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Let $L: \mathcal C^\to_\leftarrow L\mathcal C : i$ be an adjunction with $i$ fully faithful. In ordinary category theory, $L$ is left exact iff the class of $L$-local morphisms is stable under base change [1].

This appears to be true $\infty$-categorically, as well. Is there a proof in the literature?

But $\infty$-categorically, this is no longer true:

Example: Let $\mathcal C$ be the $\infty$-category of spaces and $L\mathcal C$ the full subcategory of $n$-truncated spaces for some fixed $n$, so that $L$ is the $n$-truncation functor and the $L$-local morphisms are those with $(n+1)$-connected fibers. Then $L$ is not left exact (failing to preserve, for example, the pullback square $K(\mathbb Z, n) \rightrightarrows \ast, \ast \rightrightarrows K(\mathbb Z, n+1)$), but the $L$-local morphisms are stable under base change.

Question: Let $L: \mathcal C^\to_\leftarrow L\mathcal C: i$ be an adjunction of finitely-complete $\infty$-categories with $i$ fully faithful. Let $\mathcal W = L^{-1}(\{\textrm{isos}\}) \subseteq \textrm{Mor} \mathcal C$ be the class of $L$-local morphisms. What are necessary and sufficient closure conditions on $\mathcal W$ ensuring that $L$ is left exact?

I'm happy to assume that $\mathcal C$ is presentable, or even an $\infty$-topos, and that $\mathcal W$ is of small generation.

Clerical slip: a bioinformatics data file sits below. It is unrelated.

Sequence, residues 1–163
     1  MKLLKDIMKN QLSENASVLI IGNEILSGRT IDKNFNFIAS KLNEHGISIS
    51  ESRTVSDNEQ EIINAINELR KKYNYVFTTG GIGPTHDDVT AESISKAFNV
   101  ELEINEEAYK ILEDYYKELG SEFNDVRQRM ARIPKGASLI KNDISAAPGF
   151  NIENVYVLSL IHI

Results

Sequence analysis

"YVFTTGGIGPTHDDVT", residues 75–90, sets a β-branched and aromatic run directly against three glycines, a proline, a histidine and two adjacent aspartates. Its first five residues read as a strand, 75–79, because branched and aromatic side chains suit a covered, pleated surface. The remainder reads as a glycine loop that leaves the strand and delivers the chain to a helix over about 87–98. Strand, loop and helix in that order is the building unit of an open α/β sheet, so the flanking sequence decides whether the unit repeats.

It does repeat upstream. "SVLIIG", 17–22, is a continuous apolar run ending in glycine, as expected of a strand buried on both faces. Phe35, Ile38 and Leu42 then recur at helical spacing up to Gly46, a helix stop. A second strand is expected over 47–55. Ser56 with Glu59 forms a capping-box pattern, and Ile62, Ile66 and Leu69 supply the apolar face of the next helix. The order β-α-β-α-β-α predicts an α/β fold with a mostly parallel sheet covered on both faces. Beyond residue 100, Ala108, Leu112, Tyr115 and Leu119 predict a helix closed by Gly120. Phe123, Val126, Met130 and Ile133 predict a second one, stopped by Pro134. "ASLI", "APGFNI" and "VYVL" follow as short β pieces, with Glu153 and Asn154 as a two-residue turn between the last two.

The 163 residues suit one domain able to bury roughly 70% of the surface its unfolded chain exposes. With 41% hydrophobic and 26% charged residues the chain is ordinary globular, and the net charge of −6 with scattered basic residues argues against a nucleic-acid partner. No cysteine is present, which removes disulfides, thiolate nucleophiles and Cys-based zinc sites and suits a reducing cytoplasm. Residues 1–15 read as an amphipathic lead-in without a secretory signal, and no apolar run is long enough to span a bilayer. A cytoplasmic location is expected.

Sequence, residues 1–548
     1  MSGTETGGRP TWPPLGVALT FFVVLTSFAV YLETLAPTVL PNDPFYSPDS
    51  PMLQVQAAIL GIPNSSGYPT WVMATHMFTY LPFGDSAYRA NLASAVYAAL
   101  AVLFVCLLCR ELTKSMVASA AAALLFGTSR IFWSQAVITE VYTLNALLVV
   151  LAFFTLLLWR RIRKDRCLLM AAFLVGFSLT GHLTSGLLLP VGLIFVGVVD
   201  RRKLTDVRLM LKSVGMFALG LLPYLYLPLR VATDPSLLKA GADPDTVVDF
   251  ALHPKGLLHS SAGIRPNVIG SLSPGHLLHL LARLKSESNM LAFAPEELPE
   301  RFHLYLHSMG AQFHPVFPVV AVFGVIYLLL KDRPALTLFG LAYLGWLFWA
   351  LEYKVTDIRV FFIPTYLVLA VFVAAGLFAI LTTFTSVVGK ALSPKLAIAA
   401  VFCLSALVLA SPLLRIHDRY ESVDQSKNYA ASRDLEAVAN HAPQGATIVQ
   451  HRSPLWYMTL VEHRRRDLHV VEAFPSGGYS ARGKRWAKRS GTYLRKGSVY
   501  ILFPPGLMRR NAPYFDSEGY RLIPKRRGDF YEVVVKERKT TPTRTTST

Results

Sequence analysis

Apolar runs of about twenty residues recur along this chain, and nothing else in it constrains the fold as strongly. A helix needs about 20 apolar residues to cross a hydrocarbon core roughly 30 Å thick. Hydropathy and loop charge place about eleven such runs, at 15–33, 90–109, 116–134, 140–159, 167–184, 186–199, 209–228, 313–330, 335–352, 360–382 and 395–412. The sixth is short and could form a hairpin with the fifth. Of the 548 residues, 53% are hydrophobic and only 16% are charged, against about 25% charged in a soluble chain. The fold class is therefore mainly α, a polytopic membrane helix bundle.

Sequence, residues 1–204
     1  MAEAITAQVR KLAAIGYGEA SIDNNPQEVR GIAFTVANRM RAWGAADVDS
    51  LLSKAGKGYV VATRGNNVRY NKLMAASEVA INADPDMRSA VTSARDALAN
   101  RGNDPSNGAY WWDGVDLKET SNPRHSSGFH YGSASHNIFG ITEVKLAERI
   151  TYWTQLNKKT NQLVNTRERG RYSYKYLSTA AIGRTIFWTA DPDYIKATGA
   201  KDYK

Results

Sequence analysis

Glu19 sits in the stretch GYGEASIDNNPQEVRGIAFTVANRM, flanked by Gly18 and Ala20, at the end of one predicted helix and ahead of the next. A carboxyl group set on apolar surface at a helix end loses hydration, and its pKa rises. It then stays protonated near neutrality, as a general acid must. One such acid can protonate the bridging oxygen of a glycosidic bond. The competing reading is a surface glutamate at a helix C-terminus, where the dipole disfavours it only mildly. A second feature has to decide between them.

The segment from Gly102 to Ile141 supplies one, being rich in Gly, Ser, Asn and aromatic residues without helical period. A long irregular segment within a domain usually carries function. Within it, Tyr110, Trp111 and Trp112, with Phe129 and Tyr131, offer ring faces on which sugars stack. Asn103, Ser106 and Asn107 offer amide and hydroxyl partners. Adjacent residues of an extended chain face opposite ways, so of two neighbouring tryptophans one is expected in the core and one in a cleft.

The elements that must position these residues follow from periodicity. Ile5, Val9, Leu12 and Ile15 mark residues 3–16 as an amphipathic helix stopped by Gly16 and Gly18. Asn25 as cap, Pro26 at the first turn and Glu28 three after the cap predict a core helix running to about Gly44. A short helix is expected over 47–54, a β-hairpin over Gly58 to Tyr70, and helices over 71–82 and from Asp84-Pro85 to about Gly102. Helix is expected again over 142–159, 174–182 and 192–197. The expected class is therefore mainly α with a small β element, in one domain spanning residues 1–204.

[1] Here we assume that $\mathcal C$ is finitely complete. A morphism $f$ is said to be $L$-local if $L(f)$ is an isomorphism, and a class of morphisms $\mathcal W$ is stable under base change if $f \in \mathcal W$ implies $f' \in \mathcal W$ where $f'$ is any pullback of $f$ along an arbitrary morphism.

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  • $\begingroup$ Is the class of morphisms of spaces inverted by $n$-truncation stable under pullback? Isn't your pullback square a counterexample?: $\ast \to K(\mathbb{Z},n+1)$ is inverted by $n$-truncation, but $K(\mathbb{Z},n) \to \ast$ isn't, right? $\endgroup$ – Alexander Campbell Jan 8 at 21:21
  • $\begingroup$ @AlexanderCampbell -- yes, I was getting confused. This criterion does hold $\infty$-categorically. I've just written up a proof over here. $\endgroup$ – Tim Campion Jan 8 at 21:30
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Unless I misunderstand the statement, this is precisely proposition 6.2.1.1 in Higher Topos Theory.

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